Q&A Series: Nir Eyal - On Hooks and Habits
This past week we had the opportunity to grill Nir Eyal on his advice for growing businesses. His answers are the start of the Wishpond Blog's Q&A Series - a series we're very excited to be offering our readers.
Nir Eyal is a writer and thought-leader at the forefront of behavioral design and the author of the best-selling "Hooked: How to Build Habit-Forming Products."
Nir is a regular contributor for TechCrunch, Forbes, Psychology Today, and a frequent speaker at industry conferences and Fortune 500 companies. He's taught at the Stanford Graduate School of Business and Design School and sold two technology companies since 2003.
His work has been described by Dave McClure (Founder of 500 Startups) as "an essential crib sheet for any startup looking to understand user psychology.”
His theory, outlined in "Hooked" reads something like this…
Your business' "hook" is an experience designed to connect the user's problem to your business' solution with enough frequency to form a habit. Creating habitual use (a behavior done with little or no conscious thought) is the ultimate goal for successful businesses.
Question: Can you give a quick breakdown of what the "Hooked" theory is all about?
The premise of my book, Hooked: How to Build Habit-Forming Products, is that the products we find most engaging have a basic design pattern called a Hook. Hooks are experiences that connect users’ problems to a company’s solution with enough frequency to form a habit. Hooks are in all sorts of products we use with little or no conscious thought. Over time, customers form associations that spark unprompted engagement or, in other words, habits. They move from needing external trigger like ads and other calls to action to self-triggering through associations with internal triggers.
Use of the product is typically associated with an emotional pain point, an existing routine, or situation. For example, what product do people use when they’re feeling lonely and seek connection? Facebook of course! What do we do when we feel uncertain? We Google! What about when we’re bored? Many people open YouTube, Pinterest, check sports scores, or stock prices -- there are lots of products that address the pain of boredom.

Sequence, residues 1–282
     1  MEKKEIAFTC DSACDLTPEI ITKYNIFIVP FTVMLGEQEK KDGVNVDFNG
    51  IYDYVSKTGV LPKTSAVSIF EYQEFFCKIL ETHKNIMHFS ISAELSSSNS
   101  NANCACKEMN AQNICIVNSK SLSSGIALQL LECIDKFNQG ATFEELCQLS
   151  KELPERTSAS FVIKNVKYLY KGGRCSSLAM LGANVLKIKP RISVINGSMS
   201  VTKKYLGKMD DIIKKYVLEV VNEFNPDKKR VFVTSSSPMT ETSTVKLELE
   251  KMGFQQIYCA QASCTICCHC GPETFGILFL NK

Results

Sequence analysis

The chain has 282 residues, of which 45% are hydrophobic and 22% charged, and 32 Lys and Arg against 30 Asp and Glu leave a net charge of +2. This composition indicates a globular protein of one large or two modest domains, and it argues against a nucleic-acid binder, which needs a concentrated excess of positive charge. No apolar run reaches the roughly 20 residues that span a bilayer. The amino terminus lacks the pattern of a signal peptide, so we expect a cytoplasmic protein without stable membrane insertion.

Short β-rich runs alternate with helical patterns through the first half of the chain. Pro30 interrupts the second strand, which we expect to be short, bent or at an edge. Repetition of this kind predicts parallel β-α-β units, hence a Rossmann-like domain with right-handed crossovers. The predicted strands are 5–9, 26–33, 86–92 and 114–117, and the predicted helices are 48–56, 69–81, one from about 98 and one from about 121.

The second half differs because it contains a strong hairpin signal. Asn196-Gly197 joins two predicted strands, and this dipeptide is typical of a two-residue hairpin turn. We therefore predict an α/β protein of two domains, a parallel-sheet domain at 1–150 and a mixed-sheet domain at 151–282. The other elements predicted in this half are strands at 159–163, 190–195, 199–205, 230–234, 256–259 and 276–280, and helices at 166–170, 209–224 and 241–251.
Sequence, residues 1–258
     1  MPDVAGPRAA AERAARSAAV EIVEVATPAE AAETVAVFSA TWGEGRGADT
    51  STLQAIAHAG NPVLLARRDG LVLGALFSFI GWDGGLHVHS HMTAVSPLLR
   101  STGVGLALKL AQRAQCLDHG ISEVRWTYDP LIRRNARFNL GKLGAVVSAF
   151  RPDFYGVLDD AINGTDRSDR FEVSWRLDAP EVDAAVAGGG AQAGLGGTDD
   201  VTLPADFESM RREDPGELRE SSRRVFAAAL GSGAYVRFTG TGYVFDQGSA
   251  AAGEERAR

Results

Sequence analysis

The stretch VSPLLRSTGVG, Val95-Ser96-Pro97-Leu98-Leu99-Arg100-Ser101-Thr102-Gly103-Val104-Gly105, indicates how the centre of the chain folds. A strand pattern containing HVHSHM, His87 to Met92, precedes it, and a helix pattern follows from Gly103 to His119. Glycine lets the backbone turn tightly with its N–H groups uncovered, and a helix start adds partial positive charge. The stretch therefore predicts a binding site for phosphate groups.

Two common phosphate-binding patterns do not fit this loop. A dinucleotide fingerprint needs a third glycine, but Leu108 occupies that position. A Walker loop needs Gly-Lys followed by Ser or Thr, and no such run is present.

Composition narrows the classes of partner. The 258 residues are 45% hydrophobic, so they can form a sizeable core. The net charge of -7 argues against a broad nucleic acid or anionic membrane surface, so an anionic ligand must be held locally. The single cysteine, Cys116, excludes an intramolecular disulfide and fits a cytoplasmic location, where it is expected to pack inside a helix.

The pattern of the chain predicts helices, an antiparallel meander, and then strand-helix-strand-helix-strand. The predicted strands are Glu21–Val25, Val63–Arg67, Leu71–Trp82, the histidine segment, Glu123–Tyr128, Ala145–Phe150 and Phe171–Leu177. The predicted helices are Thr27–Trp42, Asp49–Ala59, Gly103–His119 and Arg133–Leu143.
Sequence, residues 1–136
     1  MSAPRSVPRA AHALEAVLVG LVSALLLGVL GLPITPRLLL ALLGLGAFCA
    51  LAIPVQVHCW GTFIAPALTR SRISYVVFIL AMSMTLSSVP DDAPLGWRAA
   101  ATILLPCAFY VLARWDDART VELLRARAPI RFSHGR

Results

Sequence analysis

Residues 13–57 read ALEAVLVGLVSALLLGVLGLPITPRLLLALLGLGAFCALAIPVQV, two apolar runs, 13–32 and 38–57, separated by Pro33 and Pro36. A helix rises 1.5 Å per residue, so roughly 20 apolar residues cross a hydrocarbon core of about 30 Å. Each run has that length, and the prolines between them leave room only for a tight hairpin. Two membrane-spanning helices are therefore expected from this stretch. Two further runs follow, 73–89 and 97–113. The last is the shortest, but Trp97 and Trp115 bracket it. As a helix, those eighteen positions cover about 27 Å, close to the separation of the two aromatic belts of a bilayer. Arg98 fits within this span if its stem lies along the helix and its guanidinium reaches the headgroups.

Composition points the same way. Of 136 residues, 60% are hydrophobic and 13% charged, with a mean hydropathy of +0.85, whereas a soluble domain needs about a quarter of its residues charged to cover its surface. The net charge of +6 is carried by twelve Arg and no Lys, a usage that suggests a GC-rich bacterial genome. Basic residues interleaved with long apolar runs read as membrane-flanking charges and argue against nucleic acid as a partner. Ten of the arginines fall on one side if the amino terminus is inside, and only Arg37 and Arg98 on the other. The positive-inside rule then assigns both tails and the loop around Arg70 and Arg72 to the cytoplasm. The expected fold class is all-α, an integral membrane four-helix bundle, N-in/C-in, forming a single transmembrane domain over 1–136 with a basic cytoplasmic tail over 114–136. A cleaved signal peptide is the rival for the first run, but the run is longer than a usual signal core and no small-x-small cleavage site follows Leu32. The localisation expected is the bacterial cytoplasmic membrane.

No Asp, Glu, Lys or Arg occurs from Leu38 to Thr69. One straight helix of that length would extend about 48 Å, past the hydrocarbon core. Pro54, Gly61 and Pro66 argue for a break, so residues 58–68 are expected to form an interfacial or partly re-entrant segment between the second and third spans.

In the four step process I describe in Hooked, I detail how products use hooks to create these powerful associations. Hooks start with a trigger, then an action, then a reward, and finally an investment. Through successive cycles through these hooks, user habits are formed.
"Hooks are experiences that connect users’ problems to a company’s solution with enough frequency to form a habit."
Question: I can see how your "hook and habit" model could apply to thought-leaders, bloggers and consultants. Have you ever applied "hooking" strategies to your personal career?
It’s important to remember that new products don’t form habits out of thin air. When building a habit-forming product, designers should be sure they know what existing habit they’re replacing. There are only three ways to capture your competition's user habits. Either make the reward more fulfilling, send users through the hook faster, or cycle through the hook more frequently. The ability to do one of these three things to capture an existing habit is made possible by some change in interface. Therefore, teams need be careful not to adopt a new technology simply because it is the new, new thing, but to instead think critically within the hook model to understand how a new technology can improve the habit-forming potential of the product.